Random Acts of Architecture

Tales of an architect trying to bring order to the chaos that is modern information technology.

Tag Archives: requirements

Architect/Stakeholder Inversion

Stakeholder Architect InversionArchitect/stakeholder inversion occurs when non-technical stakeholders tell software architects how a system should work, not what it should do. Without the “what”, software architects are left trying to guess or reverse engineer it. The resulting system may not solve the customer problem or may bloat with features attempting to do so.

Architect/stakeholder inversion is not a stakeholder wanting to move a system into the cloud to reduce costs. It is not wanting a mobile app to reach a different, younger market or offer a better user experience. It is not marketing pushing for a better analytics tool. They have business justifications.

Architect/stakeholder inversion is wanting two products integrated without saying what data to share or tasks to provide. It is creating a report engine without knowing the reports it will run. It is any framework created solely to handle nebulous requirements.

Architect/stakeholder inversion occurs due to one of three reasons. First, non-technical stakeholders feel they need to give low-level, technical requirements. Usually a sign of inexperience or frustration, the stakeholder bypasses discussion with technical details.

Alternatively, software developers may be used to implementing what they are told. This is common in environments with many ancillary roles (user experience, visual design, business analysis, copy writing, solution architecture, application architecture, agile coach, project manager, scrum master, team leader, etc) and stakeholders may take advantage of this.

Second, stakeholders often make technical assumptions and present those assumptions as solutions. They may not even realize they made assumptions.

Technical people may miss the business impacts of technical choices. However, non-technical stakeholders may miss technical impacts of business choices, too. For example, while the ongoing costs of moving to an “Infrastructure as a Service” (IaaS) or “Platform as a Service” (PaaS) provider may be lower, non-technical stakeholders may not consider the transition cost and impacts on compliance, security, jurisdiction, privacy, bandwidth and latency. The stakeholder might not have considered other benefits, such as elasticity (rapid scale up or scale down), built-in monitoring and management tools and cheap creation of test and staging environments, either.

Stakeholders with technical backgrounds may exacerbate the problem. While the technical solution requested may be good, the business context is still needed. Software architects are part of the checks and balances for the business requirements and stakeholder technical knowledge does not negate this.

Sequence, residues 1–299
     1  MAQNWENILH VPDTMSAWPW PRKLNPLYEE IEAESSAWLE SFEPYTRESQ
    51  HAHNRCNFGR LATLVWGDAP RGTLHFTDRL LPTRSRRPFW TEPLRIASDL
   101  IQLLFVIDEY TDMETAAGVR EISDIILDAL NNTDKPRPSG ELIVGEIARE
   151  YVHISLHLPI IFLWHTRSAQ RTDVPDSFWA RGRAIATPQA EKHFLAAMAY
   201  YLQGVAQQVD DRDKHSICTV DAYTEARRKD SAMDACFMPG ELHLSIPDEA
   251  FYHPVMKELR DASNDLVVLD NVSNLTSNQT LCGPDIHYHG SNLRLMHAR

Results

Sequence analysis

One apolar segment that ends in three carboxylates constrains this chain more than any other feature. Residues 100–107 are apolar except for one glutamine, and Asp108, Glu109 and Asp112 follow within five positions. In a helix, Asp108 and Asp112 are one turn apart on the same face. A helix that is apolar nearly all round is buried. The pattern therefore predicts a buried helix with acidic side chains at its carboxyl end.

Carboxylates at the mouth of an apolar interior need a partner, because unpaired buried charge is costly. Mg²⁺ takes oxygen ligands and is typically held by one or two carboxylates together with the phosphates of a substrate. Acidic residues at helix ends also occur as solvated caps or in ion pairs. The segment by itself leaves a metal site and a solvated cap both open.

Third, stakeholders may not yet know the business goals of the system. This may be driven by schedule (“We need to start coding now so that we will hit the deadline”), a misunderstanding of agile processes (“We will work it out as we go”) or a lack of preparation.

Architect/stakeholder inversion is usually solved by highlighting assumptions or providing alternate solutions. Forming these into questions (“Have we considered doing X instead of Y?”) and prototypes/spikes are effective. However, if software architects are on a “need to know” basis, stakeholders set direction solely by intuition instead of evidence or stakeholders take offence at challenges or questions, there may be wider organizational problems.

Architects and stakeholders should cooperate and respectfully challenge each other, providing greater understanding to both sides. Software architects can make better informed design decisions and glean insight into wider and future direction. The stakeholder can get a better understanding of and confidence in the solution.

That said, there are no sides here. Both the stakeholders and architects are working toward the same goal. If the organization has appointed stakeholders and architects, it realizes the value of each. Architect/stakeholder inversion contradicts this and produces a lower quality product.

Update: This post is featured in a discussion in the International Association of Software Architects (IASA) group on Linkedin.

Handling Challenges to Architectural Decisions

One of the most critical aspects of a software architect’s job is the initial high-level design. Based on customer requirements and the architect’s own non-functional requirements, this is where development starts from. It is also written when the development organization knows the least about the problem and so issues often arise as the development team works it.

Challenges are inevitable. It is important is not to panic and not to take it personally. The architect’s goal is to get the best product, not necessarily his or her product. Therefore, first get the other person to explain their issue and reasoning. Common scenarios include:

Different understanding of requirements:  All major analysis and design discussions around the product should involve the architects. (If not, then this indicates possible broader organizational issues.) Explain the decision’s rationale and ask if that matches the other person’s understanding. One or both of you will probably learn something in the ensuing discussion.